That was then (inset, 1993) and this is now (2001).
|Quickstats: Seen 1993, 1994 nesting at French Frigate Shoals, 1995, 1996 nesting at French Frigate Shoals, 1997 (58K JPEG), 1998 nesting at French Frigate Shoals, 1999 (54K JPEG), 2001.||Summer updates: 1998, 1999, 2000, 2001, 2002, 2003, 2004.|
We first sighted Mendelbrot on July 18, 1993 at the place we call the Resting Site. Even back then she was large, one of the biggest turtles we’d seen. We suspected Mendelbrot was female, but we weren’t certain. We can only be sure when we sight a turtle with tags, which usually means that she’s been nesting at the French Frigate Shoals.
Mendelbrot had little use for us and preferred that we keep our distance. She was content to watch us go about our business, provided that we didn’t get too close to her. If we did, she would raise on her haunches and slowly swim away.
In 1993, we did get close enough to this turtle to learn that she had fibropapilloma tumors. Both her eyes showed early growths in the posterior corners, but worst of all was a cantaloupe-sized tumor dangling from under her right "armpit." Judging from the white colour, the tumor was still actively growing. When Mendelbrot swam, we could recognize her even from a distance because of this grotesque growth spoiling an otherwise robust silhouette.
We did not sight Mendelbrot at all in 1994 and speculated she might be nesting at the French Frigate Shoals.
In the summer of 1995 she was back, sighted again at what was now clear was her favourite spot at the Resting Site. We were happy for her. Mendelbrot was sporting shiny new tags. Best news of all was that she looked back at us with clear eyes. Her eye tumors had regressed! The large tumor under her right "armpit" was now shrunken and gray--both signs suggesting she was winning her battle with the disease. We tried to read her tags, but Mendelbrot was as suspicious of us as always, and after two attempts we quit. (We are loathe to chase turtles even for something as important as tag information.)
We did not sight Mendelbrot during the summer of 1996. We were uncertain about why she wasn’t around. It was possible that she was nesting again, but we weren’t sure. We found this frustrating because we were eager to add her to our list of regression cases, but we need to confirm two years of improvement before we do that.
Mendelbrot took her time showing up at Honokowai in 1997. We first sighted her on July 27th on our third dive of the day. We were very happy to see her again and delighted that her "armpit" tumor had shrunken even more. We could now confidently add her to our list of Honokowai regression cases!
We kept our distance whenever we saw her, hoping she would acclimate sufficiently for us to read her tags. That had now become a goal. We felt if this turtle had a two year reproductive cycle, we’d need her tag numbers to receive confirmation she was nesting. (It is always reassuring to know where the kiddies are when you don’t sight them!)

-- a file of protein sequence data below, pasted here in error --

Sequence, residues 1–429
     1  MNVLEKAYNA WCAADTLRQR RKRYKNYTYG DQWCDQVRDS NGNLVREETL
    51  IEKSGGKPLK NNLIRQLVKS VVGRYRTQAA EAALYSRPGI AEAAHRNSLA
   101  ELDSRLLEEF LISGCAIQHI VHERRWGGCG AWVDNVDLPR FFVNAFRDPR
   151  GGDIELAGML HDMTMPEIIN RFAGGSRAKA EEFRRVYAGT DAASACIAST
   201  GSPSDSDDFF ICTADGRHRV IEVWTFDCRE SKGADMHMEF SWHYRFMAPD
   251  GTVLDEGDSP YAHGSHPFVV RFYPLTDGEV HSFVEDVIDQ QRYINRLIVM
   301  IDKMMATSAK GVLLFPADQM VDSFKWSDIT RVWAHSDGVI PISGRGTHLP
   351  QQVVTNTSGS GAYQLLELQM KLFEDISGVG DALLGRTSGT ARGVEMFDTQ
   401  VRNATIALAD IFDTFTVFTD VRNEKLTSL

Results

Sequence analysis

Through stealth and luck a few days later, we were able to make out the tag number on her left front flipper. Mendelbrot is tag number U 359.
In an email exchange, George Balazs, leader of Sea Turtle Research in Honolulu, wrote:
U359--Originally tagged nesting at East Is. in June 1994. Nesting again at East June 1996. No records showing for tumors.
So there is good news and bad news. George confirms that Mendelbrot was nesting in 1994 and again in 1996 but FFS records do not show she had tumors. We can’t explain this.
All we can say for certain is that Mendelbrot is U 359.
Over the last few summers it's been our practice to notify George Balazs of the US National Marine Fisheries to please keep a lookout for the Honokowai females that we believe are due to drop eggs.
This summer, this paid off with the earliest ever notification that a Honokowai female had been sighted nesting at East Island, French Frigate Shoals.
On the evening of June 29th, George left a message on our answering machine. Mendelbrot, he said, was sighted on East Island laying her eggs. Even better, Tim Clark, who is monitoring turtles there this season, took a picture of her.
Mendelbrot nesting at the French Frigate Shoals
Photo by Tim Clark
It's one of those rare occasions where a turtle seems more beautiful on land than in water. We believe that this is the first time in FFS history that a turtle at East Island has been matched to her foraging grounds by her facial markings and the first honu that has a documented history prior to her receiving tags.